Weights and measures – are you compliant?

Published on Friday 03 August 2018 (1:09pm)

One of the most important requirements of process manufacturing is ensuring that packaging contents are accurate and compliant with local weights and measures legislation.

Current UK legislation defines packaged goods as products that are sold sealed, between 5 grams and 25 kilograms or 5 millilitres and 25 litres and are of the same weight or volume as other products of the same type.

What does it all mean?

There are two accepted ways to pack your products – the minimum system and the average system. In the minimum system, your products should be packed so that they contain at least the quantity displayed on the label. The packages can contain more than the label says, but not less. Using the average system, your products can be packed to an average measurement that is displayed on the label.

Reducing or (eliminating) underweight packs is therefore a vital part of the process. Equally as important is reducing overweight packs as either will result in product giveaway or waste; a long-term cost to you and your bottom line.

The most effective solution is to install a checkweigher in your production line. This will ensure your compliance with legislation – and your weight control/quality control.

Packaging must be checked to make sure a random sample is packed to meet a set of rules known as the ‘three packers’ rules’.

These rules state that:

  1. The contents of the packages shall not be less on average than the nominal quantity. With a checkweighers installed, you can carry out a checkweigher test to ensure average weight is enabled and correct. Pass the first product below target – this should reject. An inline checkweigher will automatically monitor this and reject any product dropping the batch average below the target weight. A check on your filling system can reduce this happening and decrease giveaway as well. If you rely on Static Scale sampling alone – you may be missing this and could be giving more product away.
  2. The proportion of packages which are short of the stated quantity by a defined amount (Tolerable Negative Error or TNE) should be less than a specified level -Product Weight = 90g, TNE 1 = 4.5g. For the best accuracy, you should use a checkweigher that has a display value of 0.1g or lower (0.05g).
  3. No package should be short by more than twice the TNE. With a checkweigher installed this is easy because it is rejected and recorded as an underweight reject, as long as it is accurate enough. However, if you are only using a static scale, its difficult because it is only a sample.

The average system generally applies to most goods that are pre-packed in pre-determined quantities, by weight or volume, including food stuffs and non-foodstuffs.

Its aim is to provide you, the manufacturer, with a defined regulatory framework for the automatic filling of packages. A degree of variation in the content of the packages is an accepted part of the process, but the aim of the average system is to define acceptable tolerances for that variation, so that your customers and end users may buy with the confidence that they are protected against short weight or measure, while businesses are protected against unfair competition.

To demonstrate your compliance with the three rules, you are placed under a duty either to measure the content of each package, or to check the contents by sampling. Where you choose to measure each package, there is no requirement under the Regulations for records to be made. However, if records are not made, your compliance with the packers’ rules can be assured only by checking that each package contains at least the stated quantity (that is, by packing to the minimum system).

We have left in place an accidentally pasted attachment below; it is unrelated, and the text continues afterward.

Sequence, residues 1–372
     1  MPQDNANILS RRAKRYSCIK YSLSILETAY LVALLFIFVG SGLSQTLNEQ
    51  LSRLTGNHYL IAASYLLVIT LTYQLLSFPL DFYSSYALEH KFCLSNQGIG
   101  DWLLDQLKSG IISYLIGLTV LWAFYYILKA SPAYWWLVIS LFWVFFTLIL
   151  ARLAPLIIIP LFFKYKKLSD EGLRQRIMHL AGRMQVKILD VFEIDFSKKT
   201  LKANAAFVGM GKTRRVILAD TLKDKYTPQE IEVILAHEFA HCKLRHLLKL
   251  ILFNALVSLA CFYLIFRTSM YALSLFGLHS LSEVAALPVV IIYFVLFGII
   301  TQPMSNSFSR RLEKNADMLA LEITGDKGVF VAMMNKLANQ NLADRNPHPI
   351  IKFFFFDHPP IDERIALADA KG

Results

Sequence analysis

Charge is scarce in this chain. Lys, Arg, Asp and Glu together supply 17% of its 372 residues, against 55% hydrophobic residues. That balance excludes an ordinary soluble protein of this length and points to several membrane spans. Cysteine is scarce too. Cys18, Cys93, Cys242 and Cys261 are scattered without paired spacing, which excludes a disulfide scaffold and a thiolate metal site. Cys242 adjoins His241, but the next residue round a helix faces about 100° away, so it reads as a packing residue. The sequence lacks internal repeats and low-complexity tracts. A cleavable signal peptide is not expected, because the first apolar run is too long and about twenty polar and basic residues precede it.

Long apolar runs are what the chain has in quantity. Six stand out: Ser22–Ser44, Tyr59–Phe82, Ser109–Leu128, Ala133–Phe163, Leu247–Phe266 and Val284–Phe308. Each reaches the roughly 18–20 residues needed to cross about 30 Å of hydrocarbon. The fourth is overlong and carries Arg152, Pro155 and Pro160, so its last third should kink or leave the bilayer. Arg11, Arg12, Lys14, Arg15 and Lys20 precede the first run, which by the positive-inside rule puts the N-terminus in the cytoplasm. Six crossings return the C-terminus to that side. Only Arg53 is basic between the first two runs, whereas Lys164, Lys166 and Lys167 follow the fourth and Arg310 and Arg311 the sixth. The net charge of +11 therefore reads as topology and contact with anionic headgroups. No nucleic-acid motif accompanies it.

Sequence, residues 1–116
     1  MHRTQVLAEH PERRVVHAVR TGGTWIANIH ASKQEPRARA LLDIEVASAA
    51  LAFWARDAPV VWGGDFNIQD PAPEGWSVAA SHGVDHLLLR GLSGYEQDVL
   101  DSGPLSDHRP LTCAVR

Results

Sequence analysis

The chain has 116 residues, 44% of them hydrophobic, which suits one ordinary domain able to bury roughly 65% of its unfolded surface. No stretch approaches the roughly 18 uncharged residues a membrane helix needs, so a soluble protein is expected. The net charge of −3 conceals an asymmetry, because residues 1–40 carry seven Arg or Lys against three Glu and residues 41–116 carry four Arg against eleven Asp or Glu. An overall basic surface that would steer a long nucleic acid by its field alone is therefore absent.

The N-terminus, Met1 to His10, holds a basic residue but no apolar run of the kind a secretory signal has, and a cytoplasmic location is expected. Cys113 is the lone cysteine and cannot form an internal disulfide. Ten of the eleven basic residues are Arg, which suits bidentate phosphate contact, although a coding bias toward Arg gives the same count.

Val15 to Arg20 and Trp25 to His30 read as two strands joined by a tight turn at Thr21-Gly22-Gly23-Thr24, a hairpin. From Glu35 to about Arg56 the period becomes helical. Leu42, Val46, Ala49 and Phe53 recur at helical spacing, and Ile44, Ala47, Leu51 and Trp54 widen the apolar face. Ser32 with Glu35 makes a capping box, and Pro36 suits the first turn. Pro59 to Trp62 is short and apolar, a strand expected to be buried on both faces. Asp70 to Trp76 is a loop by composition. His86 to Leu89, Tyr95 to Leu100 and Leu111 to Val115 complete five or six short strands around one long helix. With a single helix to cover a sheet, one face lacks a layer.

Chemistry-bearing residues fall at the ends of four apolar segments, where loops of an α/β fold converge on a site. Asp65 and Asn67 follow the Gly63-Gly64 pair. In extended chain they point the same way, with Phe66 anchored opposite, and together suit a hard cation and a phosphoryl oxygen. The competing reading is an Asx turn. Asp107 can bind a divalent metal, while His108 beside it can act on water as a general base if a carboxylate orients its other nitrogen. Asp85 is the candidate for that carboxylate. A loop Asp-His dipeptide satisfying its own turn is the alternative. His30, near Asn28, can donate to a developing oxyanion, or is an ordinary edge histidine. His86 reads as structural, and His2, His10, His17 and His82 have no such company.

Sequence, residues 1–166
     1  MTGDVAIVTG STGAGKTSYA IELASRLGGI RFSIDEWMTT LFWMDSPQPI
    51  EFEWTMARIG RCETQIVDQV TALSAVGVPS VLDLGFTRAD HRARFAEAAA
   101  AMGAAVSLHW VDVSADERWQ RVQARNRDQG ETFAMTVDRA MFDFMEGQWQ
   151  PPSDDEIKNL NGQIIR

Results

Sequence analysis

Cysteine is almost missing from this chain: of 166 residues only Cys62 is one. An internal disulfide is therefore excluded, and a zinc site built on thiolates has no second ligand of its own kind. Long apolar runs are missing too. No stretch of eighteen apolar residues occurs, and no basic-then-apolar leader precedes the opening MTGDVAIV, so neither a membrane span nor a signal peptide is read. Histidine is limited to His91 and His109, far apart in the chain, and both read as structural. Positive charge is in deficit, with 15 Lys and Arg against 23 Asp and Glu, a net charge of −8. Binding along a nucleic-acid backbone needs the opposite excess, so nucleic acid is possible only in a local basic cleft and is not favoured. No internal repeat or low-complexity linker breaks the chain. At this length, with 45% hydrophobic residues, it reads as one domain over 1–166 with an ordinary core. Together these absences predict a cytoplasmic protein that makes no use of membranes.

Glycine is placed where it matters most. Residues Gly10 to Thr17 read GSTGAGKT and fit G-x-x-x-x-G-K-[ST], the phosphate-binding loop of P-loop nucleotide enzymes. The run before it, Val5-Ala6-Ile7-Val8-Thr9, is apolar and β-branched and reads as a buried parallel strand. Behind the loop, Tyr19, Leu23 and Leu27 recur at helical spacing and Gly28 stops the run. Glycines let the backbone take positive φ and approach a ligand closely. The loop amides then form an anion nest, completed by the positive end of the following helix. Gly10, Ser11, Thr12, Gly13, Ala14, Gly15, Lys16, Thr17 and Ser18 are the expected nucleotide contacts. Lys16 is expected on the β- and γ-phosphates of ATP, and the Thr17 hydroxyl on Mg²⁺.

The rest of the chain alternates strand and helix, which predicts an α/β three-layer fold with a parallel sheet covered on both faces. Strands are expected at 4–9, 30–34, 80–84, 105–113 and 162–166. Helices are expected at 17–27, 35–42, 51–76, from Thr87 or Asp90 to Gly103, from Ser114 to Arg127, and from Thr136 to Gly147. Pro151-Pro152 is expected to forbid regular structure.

Telling the world

So, you have checked your products’ packaging using a checkweigher in your line. But, how do you demonstrate to your customers and consumers that the product complies?

You can place the E-mark on your packaging as a declaration by the packer that the contents comply with the average system Directives (Directive 75/106/EEC and Directive 76/211/EEC).

In essence, the E-mark is a measurement passport throughout the European Economic Area (EEA), ensuring free access, so far as weights and measurement requirements are concerned, to all EEA markets.

To qualify for E-marking the package must:

  • Have been packed in conformity with the three packers’ rules
  • Have a nominal quantity between 5g or ml and 10kg or L (inclusive)

And you must keep production records that prove compliance.

There is no requirement for your packages to be labelled with the E-mark, it is entirely optional. But whether you are producing to the average system or the minimum system, Yamato checkweighers can help you, particularly in the food processing sector.

Yamato I and J series checkweighers are designed specifically for the High-End Food Industry. They comply to the IP67 Standard for the ingress of water and contaminants and can comply with IP69K with additional motor seals only upgrade. They feature full stainless-steel construction and are fully polished for improved hygiene. They are also fully supermarket compliant.

Yamato machines are compliant with the CE-Mark, the Machinery Directive in relation to local UK safety compliance with machine guarding and risk assessments.

The Yamato I series Checkweigher is also fully Measuring Instrument Directive (MID) compliant. MID compliance is an option and requires initial verification if the only source of the average weight measurement is the Checkweigher. If it is not, then an offline type approved static scale must be used.

The bottom line is quite simple. A Yamato checkweigher in your production line puts you in control of compliance. If you install a checkweigher in your line you can comply with health and safety, accuracy and national weights and measures standards – putting you at a competitive advantage.

Can you afford not to?